Response to Reviewer 1: We added text to help clarify the difference between focal & satellite sites with the section “Field methods and sample collection”. This can be found on page 6-7, lines 150-196. The focal sites were where we focused the demographic studies whereas satellite sites were not involved in demographic analyses and had much smaller sample sizes.

Throughout - how do the sites compare to one another? In size? In habitat? In sampling coverage? It is mentioned in the discussion that some sites are much larger than the area that was sampled. Additional information to specify for which sites this was true and how it might affect the results or interpretation of the results would be helpful.

Response to Reviewer 1: We have added estimates of the area effectively sampled by our traps for each site. Based on data we have on the distances moved by San Francisco gartersnakes between captures (97% of snake movements were < 200 m), we calculated the effective sample area for each site by buffering traps by 200 m and summing the area of habitat sampled by traps at each site. We have also added estimates of the total area of habitat available at each site (adding information in Table 1 and a supplemental figure, S1 Fig), so readers can compare how much of the habitat at each site was effectively sampled for San Francisco gartersnakes. The following text has been added to the methods (pages 8-9, lines 244–277):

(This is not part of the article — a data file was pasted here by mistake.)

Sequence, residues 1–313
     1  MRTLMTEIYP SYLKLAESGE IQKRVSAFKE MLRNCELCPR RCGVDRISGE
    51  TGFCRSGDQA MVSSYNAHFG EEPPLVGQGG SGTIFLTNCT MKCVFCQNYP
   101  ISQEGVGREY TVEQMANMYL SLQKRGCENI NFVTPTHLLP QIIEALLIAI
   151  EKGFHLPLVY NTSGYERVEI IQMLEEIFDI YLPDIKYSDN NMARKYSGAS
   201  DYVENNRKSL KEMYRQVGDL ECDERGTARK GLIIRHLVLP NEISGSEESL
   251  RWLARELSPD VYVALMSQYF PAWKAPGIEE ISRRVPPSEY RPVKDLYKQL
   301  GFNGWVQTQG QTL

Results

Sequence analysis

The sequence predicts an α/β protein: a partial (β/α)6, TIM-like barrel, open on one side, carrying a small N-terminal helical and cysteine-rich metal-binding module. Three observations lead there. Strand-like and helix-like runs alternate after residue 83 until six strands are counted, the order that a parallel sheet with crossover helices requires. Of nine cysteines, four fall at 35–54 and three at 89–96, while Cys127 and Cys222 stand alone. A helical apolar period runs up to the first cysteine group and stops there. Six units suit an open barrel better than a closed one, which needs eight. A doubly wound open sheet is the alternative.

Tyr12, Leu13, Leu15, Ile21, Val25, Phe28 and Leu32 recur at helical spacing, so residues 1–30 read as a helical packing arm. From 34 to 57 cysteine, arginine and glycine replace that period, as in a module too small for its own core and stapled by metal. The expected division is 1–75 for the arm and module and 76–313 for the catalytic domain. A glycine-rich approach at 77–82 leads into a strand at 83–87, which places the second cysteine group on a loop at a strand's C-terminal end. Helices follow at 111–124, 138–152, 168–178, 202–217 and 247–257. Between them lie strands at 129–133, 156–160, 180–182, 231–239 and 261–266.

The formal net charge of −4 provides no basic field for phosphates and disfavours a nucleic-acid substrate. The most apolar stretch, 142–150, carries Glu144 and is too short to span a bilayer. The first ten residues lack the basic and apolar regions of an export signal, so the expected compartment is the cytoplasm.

“Sites differed in size of available habitat and in the area sampled by traps and cover objects. To define the total area of available habitat for each site, we created polygons in ArcGIS version 10.7.1 [33] that encompassed all suitable habitat, whether wetlands or non-forested uplands. The effective area sampled was then calculated by using a fixed buffer of 200 m around all trap and artificial cover object locations for each site. We chose a 200 m buffer based on the maximum distance moved between captures for greater than 95 percent of individual T. s. tetrataenia at our study sites (S1 Fig). The total site area and effective area sampled for each site are given in Table 1. At Pacifica and San Bruno, nearly all of the available habitat for T. s. tetrataenia was within the area effectively sampled by traps, and the nearest known population of T. s. tetrataenia was more than 2.5 km away. In contrast, although the area sampled at Skyline and Crystal Springs was comparable to Pacifica, only 60-70 percent of the area was sampled because suitable wetland habitat was present nearby and additional habitat (not included in our calculations) is present along most of the 7 km corridor separating these two sites. Año Nuevo, Mindego, and Pescadero were much larger sites and the area sampled was less than 60 percent of the available habitat.”

A few grammatical errors:

Line 401 ..."filters we applied..." should be filters were applied

Response to Reviewer 1: We fixed the grammatical error.

Line 411 ..."where it was assigned as distinct genetic cluster..." should be assigned as a distinct genetic cluster

Response to Reviewer 1: We fixed the grammatical error.

Line 426 ..."each regional clusters that supported..." clusters should be cluster

Response to Reviewer 1: We fixed the grammatical error.